The Moral Question
While at university, Philip studied political and moral philosophy, understanding the logical ends of his atheistic worldview but he didn’t consider himself a nihilist. Rather, he held firmly to objective moral values, considering himself “a very strong secular conservative.” Although atheism could not ground his values, for him their self-evident nature was undeniable:
To me, objective morality was self-evident. Life was valuable. The values that were appropriate to the nurture and sustenance and protection of life were the right values, so everything to do with human rights, loving your neighbor, were self-evident moral absolutes as true as the truths of mathematics. But, what I failed to see was the metaphysical implication of that position.
Philip was resolute in his atheism, grounded in naturalistic philosophy and science. The trump card for disbelief was the problem of evil, completely closing the door towards God. But, an unlikely relationship interrupted his staunch dismissal. Philip fell in love with a girl and was immediately “appalled” when he discovered she was a Christian. Meeting her Christian friends at a coffee house, he was surprised by what he found. “These young men and women were very beautiful. There was this light in their faces, and I felt that I wanted to be part of that company. But, I felt dirty like I had no right to be there.” For the first time, Philip became open to investigate the truth of Christianity, the only real criterion for belief.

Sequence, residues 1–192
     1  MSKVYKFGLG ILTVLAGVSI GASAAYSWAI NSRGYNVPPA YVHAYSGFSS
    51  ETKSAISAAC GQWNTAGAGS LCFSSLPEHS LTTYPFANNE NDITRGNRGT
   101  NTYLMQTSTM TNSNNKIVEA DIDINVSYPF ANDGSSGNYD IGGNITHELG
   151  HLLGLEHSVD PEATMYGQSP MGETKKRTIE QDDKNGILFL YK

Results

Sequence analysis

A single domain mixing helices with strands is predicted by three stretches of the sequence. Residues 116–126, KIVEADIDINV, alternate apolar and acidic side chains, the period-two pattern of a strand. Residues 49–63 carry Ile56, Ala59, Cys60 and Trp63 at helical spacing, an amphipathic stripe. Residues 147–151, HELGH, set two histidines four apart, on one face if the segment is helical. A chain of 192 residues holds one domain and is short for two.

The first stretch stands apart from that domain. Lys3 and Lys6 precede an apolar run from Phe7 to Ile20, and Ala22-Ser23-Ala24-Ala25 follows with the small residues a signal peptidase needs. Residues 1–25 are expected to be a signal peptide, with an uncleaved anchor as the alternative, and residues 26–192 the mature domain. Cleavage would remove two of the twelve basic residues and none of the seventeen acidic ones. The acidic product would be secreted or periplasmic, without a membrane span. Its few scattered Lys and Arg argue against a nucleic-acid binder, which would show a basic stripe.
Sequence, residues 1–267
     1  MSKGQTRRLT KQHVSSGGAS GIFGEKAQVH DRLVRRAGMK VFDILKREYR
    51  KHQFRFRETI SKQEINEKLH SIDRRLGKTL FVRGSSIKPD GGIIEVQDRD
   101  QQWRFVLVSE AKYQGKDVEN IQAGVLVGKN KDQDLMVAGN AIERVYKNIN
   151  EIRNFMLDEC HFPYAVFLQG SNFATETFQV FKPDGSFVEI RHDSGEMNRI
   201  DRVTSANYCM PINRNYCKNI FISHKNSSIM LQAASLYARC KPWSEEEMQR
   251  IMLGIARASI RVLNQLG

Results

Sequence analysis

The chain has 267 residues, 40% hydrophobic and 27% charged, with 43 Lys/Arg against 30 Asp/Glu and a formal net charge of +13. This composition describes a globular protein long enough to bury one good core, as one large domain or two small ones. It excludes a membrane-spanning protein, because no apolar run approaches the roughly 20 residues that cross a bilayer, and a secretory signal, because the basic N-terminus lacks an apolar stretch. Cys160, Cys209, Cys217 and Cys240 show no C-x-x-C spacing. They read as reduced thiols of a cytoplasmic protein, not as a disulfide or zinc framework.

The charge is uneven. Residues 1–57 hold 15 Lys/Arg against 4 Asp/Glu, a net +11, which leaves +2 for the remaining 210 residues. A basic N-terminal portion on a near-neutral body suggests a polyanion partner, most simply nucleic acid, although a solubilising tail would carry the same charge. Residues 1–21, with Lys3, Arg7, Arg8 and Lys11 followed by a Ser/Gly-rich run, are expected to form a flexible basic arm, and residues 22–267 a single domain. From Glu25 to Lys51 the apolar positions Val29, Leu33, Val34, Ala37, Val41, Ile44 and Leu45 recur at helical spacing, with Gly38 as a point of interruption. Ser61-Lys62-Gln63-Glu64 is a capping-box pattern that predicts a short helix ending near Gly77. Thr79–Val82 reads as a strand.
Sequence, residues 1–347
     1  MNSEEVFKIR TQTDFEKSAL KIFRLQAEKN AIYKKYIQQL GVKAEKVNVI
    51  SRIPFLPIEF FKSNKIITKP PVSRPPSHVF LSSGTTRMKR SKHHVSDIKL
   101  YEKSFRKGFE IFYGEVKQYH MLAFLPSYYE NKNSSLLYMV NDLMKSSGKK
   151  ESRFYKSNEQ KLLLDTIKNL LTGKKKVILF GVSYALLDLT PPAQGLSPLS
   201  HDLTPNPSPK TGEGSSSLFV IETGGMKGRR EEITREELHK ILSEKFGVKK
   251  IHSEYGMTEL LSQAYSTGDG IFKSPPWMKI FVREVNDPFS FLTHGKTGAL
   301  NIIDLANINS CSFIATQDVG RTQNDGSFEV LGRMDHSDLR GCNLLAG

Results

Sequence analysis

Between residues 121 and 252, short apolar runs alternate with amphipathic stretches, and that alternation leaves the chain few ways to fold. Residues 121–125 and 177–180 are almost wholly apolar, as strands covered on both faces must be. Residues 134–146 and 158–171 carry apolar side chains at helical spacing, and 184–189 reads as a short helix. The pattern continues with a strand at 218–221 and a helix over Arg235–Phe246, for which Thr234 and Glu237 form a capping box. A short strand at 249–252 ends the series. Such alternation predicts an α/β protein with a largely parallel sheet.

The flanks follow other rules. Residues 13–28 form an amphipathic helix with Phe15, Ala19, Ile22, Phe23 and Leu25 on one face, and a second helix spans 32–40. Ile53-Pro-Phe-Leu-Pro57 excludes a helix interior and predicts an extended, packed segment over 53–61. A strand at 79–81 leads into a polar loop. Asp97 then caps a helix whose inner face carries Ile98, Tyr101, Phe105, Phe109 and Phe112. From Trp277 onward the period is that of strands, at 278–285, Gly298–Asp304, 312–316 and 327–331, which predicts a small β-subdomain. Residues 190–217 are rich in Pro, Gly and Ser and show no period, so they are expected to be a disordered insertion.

I said to my girlfriend, ‘I am not going to become a Christian just because you are a Christian because I believe you should only become a Christian if you believe that Christianity is true. It is a matter of intellectual integrity.’ Then I said to her, ‘I will go on an intellectual journey of discovery to see whether I can find answers to my questions, ‘Does God exist?’ ‘Are miracles possible?’ ‘Was Jesus the son of God?’ ‘Did he perform these miracles?’ And so on.
Philip’s search began with C.S. Lewis’ paper given to the Oxford Socratic Society, ‘On Obstinacy and Belief,’ reinforcing his ability to test the historical and philosophical evidence of Christianity. For an intellectual, it was critical that he was able to follow a rational course towards belief. Next, he read C.S. Lewis’s Miracles which “demolished” his naturalistic worldview and persuaded him of the possibility of God and the reasonableness of the New Testament miracles. Lewis also helped Philip resolve the problem of evil by pointing to the need for an external standard for judging good and evil or even offering complaint. Lewis’s writings had a significant impact on Philip towards intellectual belief in God, but not in Christianity.
By the time I had finished reading Miracles and one or two other books that Lewis had written, I was no longer hostile to the Christian message or the cross. Lewis had destroyed my atheism and disarmed my hostility. He himself had been an atheist. He had such sympathy for where unbelievers were coming from so he won my confidence and countered my prejudice. In a way, it was through reading Lewis that it was as if God was telling me, ‘Put down your guns so that we can talk.’ So that’s really what has happened. I got to the point where I believed in God. I believed that Jesus was the son of God, but I did not understand what the cross was all about.